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Trial begins over Georgia sheriff’s use of restraint chairs as punishment

The Clayton County sheriff, who has faced criminal charges before, is accused by federal prosecutors of violating the civil rights of seven detainees.

ATLANTA (CN) — Attorneys presented their opening arguments Thursday before a jury that will decide whether an Atlanta-area sheriff violated the civil rights of compliant detainees by strapping them into restraint chairs for several hours.

Clayton County Sheriff Victor Hill was indicted by federal prosecutors in April 2021, accused of violating the civil rights of three men and one teenager in his custody by using unreasonable force to punish them. Three additional alleged victims were included in subsequent indictments.

Georgia Governor Brian Kemp suspended Hill two months later after a three-member panel decided the sheriff could not perform his duties while under indictment.

Following a lengthy juror selection process Wednesday, in which potential jurors were extensively questioned about any predispositions to matters involved in the case, the trial began Thursday with prosecutors informing the jury that federal law forbids restraint chairs to be used as a form of punishment.

Assistant U.S. Attorney Bret Hobson told the court that restraint chairs are only to be used if a detainee is violent, uncontrollable or posing a threat to themself or someone else.

According to Hobson, the seven detainees were strapped in the restraint chairs for at least four hours and several urinated on themselves and had scars on their wrists.

Hill "took it upon himself to teach them a lesson" and "willfully" used more force than necessary, despite undergoing annual use of force trainings, said Hobson.

Prosecutors presented the jury with a video of one of the detainees after being booked in the Clayton County jail. The video shows the detainee in handcuffs, complying with officers and asking if he was entitled to a "fair and speedy trial," to which Hill responded, "You're entitled to sit in this chair," before strapping him in.

A second video showed another one of Hill's alleged victims following officers' instructions while being searched and calmly sitting for several minutes in handcuffs before being taken to a restraint chair.

Hill had allegedly called this victim prior after a deputy told him they were having a payment dispute over landscaping work and was told to "go fuck himself." After attempting to contact Hill several times after that, the man was arrested for "harassing communications."

Another one of the alleged victims was a 17-year-old arrested for vandalizing his mother's home during an argument, who prosecutors say showed no resistance before being restrained in a chair for nearly eight hours.

Prosecutors said another detainee couldn't have possibly posed a threat because he faked unconsciousness while being transported to the jail.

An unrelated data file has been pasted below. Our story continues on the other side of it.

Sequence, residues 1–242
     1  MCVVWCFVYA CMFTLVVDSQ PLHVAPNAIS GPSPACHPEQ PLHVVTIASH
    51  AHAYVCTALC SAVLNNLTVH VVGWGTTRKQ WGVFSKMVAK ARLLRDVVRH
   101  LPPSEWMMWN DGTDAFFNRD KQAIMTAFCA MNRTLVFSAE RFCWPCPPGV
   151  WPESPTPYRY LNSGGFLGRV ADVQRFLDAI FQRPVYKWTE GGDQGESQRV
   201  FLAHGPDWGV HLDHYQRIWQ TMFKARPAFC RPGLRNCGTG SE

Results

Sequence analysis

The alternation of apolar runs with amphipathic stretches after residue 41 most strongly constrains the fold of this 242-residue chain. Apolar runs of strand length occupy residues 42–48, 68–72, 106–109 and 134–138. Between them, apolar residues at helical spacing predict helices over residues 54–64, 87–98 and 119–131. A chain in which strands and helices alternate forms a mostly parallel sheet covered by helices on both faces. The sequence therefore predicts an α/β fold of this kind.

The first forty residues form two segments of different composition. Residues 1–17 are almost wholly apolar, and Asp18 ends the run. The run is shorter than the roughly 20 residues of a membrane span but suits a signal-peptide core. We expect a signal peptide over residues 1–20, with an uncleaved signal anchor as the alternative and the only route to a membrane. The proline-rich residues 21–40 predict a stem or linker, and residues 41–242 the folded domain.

But Hill's defense counsel told jurors in opening argument that this was all part of the sheriff's "strict and orderly reputation."

Attorney Marissa Goldberg of the Findling Law Firm told the court that as the highest law enforcement officer in the county, Hill has a duty to protect the lives of citizens and described the jail as being "boot camp-like."

Goldberg said that the "totality of the circumstances" justified his use of the restraint chairs.

"It can be very hard for someone who is coming off the streets into the jail," said Goldberg. "They may be suffering a mental disability."

Contrary to prosecutors' allegations, Goldberg said that the inmates in restraint chairs were checked on every 15 minutes.

Overseen by U.S. District Judge Eleanor Ross, an Obama appointee, the trial is expected to take two to three weeks, with prosecutors calling more than 30 witnesses to the stand.

Despite Hill's popularity with local residents, serving four terms as the elected sheriff, this is not the first time he has faced federal charges.

In 2012, Hill was accused of abusing his office for personal gambling and travel expenses and was charged with racketeering, theft by taking, making a false statement, influencing a witness and violating his oath as a public officer.

But prosecutors failed to make a strong enough argument and the jury found Hill not guilty on all 27 charges.

Despite the Georgia Sheriff's Association urging then-Governor Nathan Deal to suspend Hill pending the resolution of his indictment, Deal refused to do so.

Three years later, Gwinnett County police received a 911 call from Hill stating that he had accidently shot a friend of his in the abdomen while practicing "police tactics."

Although Hill was charged with reckless conduct and his statements about the position of Gwenevere McCord's body and the location of weapons found in the model home where the relator worked did not match police evidence, he maintained his position and a clean criminal record under Georgia's First Offender Act.

 In May 2020, the American Civil Liberties Union of Georgia and the Southern Center for Human Rights sued Hill for not responding to open records requests related to Covid-19 cases inside the jail. Two months later, they filed another suit claiming the sheriff's department failed to protect the jail's inmates and staff from the deadly virus by not providing masks and not social distancing, allegedly putting more than two people in cells.

Hill was reelected as the county's sheriff that November.

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